Grenoble—Winter Olympics 1968

The mark seems overly decorative, with the flower form conveying little information. It feels more like a fashion event than a sports competition.

Score: 60 out of 100.

from original
(The International Olympic Committee)

Mexico—Summer Olympics 1968

The graphic idea is strong, but the detail of execution creates an illegible element where the 68 engages with the Olympic rings. On the other hand, there is a visual excitement here.

Score: 80 out of 100.

from original
(Colorlib)

Sapporo—Winter Olympics 1972

All the visual elements are put together in a clear and convincing layout. The stylized snowflake design adds distinction because it deviates from the other familiar elements of Olympic communications.

Score: 80 out of 100.

from original
(The International Olympic Committee)

Munich—Summer Olympics 1972

This graphic icon eliminates all the historical references of the Olympics, most notably the rings [when the icon is used alone, which it often was]. It is a powerful abstraction, but could be used for almost any event. Because it seems unfocused on expressing the Olympics, it’s hard to relate its effectiveness.

Score: 50 out of 100.

from original
(Colorlib)

Montreal—Summer Olympics 1976

In this case the rings have been transformed into the initial “M” for Montreal. This fact is of course impossible to understand by virtue of the logo itself. Does it matter if you can see the “M?” I think not. Nevertheless the mark is professional and clear. Perhaps more appropriate for a manufacturer of paper towels.

Score: 70 out of 100.

from original
(Colorlib)

Lake Placid—Winter Olympics 1980

The origin of this mark was a reference to the Olympic column on the left, combined with a mountain range in the Adirondacks. It produces a peculiar and finally unrecognizable form. It has some graphic energy, but the meaning is obscure and difficult to justify.

Score: 50 out of 100.

from original
(The International Olympic Committee)

Moscow—Summer Olympics 1980

The Russian tower topped by a star and supported by the rings create an attenuated and unusual image. The typography [in later iterations] is clearly added on, unrelated to the image. Not very successful.

Score: 40 out of 100.

from original
(The International Olympic Committee)

Sarajevo—Winter Olympics 1984

The introduction of a snowflake-like image seems to have a more editorial content than is obvious; we are puzzled by the peculiar construction of the snowflake and wonder about its meaning. Fortunately the combination of the rings and the words “Sarajevo ‘84” [which was added in other versions] are straightforward.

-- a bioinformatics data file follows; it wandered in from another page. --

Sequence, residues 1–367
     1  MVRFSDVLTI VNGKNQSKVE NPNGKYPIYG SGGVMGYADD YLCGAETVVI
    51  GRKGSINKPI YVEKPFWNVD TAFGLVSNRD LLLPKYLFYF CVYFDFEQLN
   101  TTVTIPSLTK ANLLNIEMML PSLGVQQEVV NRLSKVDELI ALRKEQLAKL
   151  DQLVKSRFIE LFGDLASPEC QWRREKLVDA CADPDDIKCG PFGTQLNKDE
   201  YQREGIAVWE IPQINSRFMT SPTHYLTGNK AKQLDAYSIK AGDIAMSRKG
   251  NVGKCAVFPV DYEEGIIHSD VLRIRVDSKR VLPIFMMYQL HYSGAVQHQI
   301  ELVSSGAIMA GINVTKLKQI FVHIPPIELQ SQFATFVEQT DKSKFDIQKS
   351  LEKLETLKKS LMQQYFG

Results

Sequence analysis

Score: 60 out of 100.

 

from original
(Colorlib)

Los Angeles—Summer Olympics 1984

The moving stars is effectively done and unexpected. The other elements are directly added and do not feel out of place.

Score: 80 out of 100.

from original
(Colorlib)

Calgary—Winter Olympics 1988

Justification for the trademark is the letter “C” and “Canada.” Unfortunately the resulting form looks more Islamic than Olympic.

Score: 50 out of 100.

from original
(Colorlib)

Seoul—Summer Olympics 1988

Although the mark is unfamiliar, it has significant impact and relates to the rings below. As a result, the entire visualization feels harmonious.

Score: 75 out of 100.

from original
(The International Olympic Committee)

Albertville—Winter Olympics 1992

This design feels it’s trying too hard. The “x” over the flame with the blue and red stroke below is confusing. The thin lines around the flame seem extraneous. The mark has the benefit of being clear.

Score: 60 out of 100.

from original
(Colorlib)

Barcelona—Summer Olympics 1992

This mark is unexpectedly convincing. The three strokes representing the human figure have a good scale relationship to the words “Barcelona ’92” and the rings.

Score: 85 out of 100.

from original
(Colorlib)

Lillehammer—Winter Olympics 1994

It’s very difficult to understand the white architectural image in the blue box unless it’s a stadium. The idea of the aurora borealis was an opportunity not to taken advantage of. Putting the words “Lillehammer ’94” under the rings helps the coherence of the mark.